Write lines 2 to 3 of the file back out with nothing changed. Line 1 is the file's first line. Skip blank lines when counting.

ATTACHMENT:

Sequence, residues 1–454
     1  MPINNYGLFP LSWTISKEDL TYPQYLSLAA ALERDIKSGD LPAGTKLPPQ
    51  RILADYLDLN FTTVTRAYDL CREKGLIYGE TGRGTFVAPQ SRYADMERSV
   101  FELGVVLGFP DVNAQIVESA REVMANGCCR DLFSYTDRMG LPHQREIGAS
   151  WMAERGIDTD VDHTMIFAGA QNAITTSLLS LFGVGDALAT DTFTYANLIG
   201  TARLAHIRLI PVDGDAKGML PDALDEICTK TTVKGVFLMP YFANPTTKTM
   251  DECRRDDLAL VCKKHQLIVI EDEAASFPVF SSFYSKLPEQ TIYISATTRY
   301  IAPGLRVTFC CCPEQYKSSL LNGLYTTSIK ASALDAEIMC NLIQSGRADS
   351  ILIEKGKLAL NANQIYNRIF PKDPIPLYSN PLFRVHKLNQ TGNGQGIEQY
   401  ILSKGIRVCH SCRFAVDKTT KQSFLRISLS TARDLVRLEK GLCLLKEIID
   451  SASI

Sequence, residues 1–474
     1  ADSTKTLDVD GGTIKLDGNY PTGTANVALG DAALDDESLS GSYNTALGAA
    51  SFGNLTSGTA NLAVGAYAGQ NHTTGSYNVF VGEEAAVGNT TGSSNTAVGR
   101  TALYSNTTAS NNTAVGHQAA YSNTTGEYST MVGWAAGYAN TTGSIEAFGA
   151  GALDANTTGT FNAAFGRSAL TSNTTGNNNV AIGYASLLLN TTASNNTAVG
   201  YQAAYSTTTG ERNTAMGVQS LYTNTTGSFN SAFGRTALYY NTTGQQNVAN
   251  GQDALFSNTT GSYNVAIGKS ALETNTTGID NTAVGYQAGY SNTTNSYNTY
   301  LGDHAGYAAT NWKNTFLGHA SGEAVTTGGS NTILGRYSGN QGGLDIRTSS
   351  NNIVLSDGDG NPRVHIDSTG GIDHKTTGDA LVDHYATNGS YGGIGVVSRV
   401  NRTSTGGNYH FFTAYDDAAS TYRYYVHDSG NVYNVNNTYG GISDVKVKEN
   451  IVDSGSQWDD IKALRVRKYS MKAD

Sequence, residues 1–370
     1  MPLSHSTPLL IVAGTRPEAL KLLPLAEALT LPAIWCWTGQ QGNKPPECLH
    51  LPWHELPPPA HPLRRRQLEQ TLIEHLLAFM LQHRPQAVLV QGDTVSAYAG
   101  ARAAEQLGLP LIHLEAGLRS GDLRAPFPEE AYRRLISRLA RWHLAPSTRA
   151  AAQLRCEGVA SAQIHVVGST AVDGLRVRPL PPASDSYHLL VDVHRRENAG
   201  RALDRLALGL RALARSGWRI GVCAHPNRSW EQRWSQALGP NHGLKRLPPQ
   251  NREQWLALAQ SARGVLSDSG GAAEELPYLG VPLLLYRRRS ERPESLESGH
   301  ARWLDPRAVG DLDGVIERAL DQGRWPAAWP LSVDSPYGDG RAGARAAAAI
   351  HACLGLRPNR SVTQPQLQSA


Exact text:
     1  MPINNYGLFP LSWTISKEDL TYPQYLSLAA ALERDIKSGD LPAGTKLPPQ
    51  RILADYLDLN FTTVTRAYDL CREKGLIYGE TGRGTFVAPQ SRYADMERSV